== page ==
Story: The film is based on Leo Tolstoy's famous novel and narrates the tale of adultery, involving the married Countess Anna Karenina and Count Alexei Vronsky and how it affects their lives.
Review: Adapting the famous Russian novel to the big screen is no mean task and director Karen Shakhnazarov takes on the tricky job of creating the world of 19th century Russian aristocracy, replete with its hypocrisies and orthodoxy. The film begins with Anna Karenina's son, Sergey Karenin (Kirill Grebenshchikov), a doctor in the Russian Army, treating the wounded during the war between Russia and Japan in Manchuria. A chance meeting between Sergey and Alexei Vronsky (Maksim Matveyev), his dead mother's lover, who is now a soldier, in Manchuria leads him to question what led to their affair and her suicide. The film's narrative hinges on Vronsky's version of how his affair with Anna unfolded.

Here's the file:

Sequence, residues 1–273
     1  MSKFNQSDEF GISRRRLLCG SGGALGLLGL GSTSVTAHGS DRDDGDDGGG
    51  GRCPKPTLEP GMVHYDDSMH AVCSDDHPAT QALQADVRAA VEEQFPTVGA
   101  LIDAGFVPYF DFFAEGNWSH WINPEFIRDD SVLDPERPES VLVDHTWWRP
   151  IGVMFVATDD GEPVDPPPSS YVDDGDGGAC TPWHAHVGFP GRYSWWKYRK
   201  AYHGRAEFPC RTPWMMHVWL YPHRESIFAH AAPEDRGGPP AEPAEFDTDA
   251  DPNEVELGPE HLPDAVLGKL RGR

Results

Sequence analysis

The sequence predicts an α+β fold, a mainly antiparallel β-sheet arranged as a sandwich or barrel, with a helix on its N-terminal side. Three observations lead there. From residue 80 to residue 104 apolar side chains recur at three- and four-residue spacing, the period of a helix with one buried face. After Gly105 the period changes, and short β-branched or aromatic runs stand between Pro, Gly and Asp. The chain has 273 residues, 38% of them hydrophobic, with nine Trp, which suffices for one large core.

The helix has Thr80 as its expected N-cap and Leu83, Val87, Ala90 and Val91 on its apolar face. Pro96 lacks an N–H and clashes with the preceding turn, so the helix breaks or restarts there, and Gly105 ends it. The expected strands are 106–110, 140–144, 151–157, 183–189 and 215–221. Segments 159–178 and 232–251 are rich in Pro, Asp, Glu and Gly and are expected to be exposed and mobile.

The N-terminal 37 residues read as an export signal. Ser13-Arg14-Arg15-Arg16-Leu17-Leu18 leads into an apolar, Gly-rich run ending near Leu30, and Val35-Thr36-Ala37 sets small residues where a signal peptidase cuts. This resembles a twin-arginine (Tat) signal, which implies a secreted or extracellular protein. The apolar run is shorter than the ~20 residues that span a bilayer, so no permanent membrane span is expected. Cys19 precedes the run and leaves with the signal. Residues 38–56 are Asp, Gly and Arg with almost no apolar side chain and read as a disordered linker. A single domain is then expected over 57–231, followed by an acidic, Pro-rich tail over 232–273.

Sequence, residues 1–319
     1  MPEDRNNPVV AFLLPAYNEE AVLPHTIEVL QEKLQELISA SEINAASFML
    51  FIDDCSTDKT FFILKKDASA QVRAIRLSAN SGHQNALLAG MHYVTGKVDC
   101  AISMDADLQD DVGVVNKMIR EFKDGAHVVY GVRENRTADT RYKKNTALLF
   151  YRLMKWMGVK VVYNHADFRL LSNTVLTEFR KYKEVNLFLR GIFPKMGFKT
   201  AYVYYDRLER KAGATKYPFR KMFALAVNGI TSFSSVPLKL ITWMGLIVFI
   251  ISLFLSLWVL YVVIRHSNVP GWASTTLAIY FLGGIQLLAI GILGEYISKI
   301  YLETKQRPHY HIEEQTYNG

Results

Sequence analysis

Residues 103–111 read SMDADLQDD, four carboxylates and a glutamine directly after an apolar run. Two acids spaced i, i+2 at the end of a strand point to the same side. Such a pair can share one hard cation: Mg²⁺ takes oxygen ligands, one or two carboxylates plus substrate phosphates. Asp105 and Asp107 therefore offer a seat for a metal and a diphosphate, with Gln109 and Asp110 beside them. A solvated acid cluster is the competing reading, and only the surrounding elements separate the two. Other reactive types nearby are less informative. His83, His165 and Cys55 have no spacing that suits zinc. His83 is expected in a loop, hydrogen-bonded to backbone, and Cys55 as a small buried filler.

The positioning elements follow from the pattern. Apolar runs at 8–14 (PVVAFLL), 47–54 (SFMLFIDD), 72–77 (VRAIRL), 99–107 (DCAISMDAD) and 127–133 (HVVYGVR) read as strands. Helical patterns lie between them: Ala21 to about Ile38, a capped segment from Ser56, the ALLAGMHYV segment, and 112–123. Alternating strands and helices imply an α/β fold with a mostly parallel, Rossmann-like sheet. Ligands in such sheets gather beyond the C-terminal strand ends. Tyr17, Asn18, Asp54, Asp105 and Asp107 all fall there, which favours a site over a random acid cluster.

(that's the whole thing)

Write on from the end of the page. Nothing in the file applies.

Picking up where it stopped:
Mounted on a big canvas, the most redeeming aspects of the film are the set-design and the costumes. What doesn't work is how the conflict in Anna Karenina's (Elizaveta Boyarskaya) marriage which leads her to begin an affair with Alexei Vronsky is tackled. While Elizaveta Boyarskaya and Maksim Matveyev perform their roles competently, their chemistry is not searing enough to hook the viewer and be invested in their story. The film is tediously long and slow as well. If costume dramas of yore are your thing then you might want to catch the film at a theatre near you. But, if you are looking for an engaging adaptation of the book, then skip this one.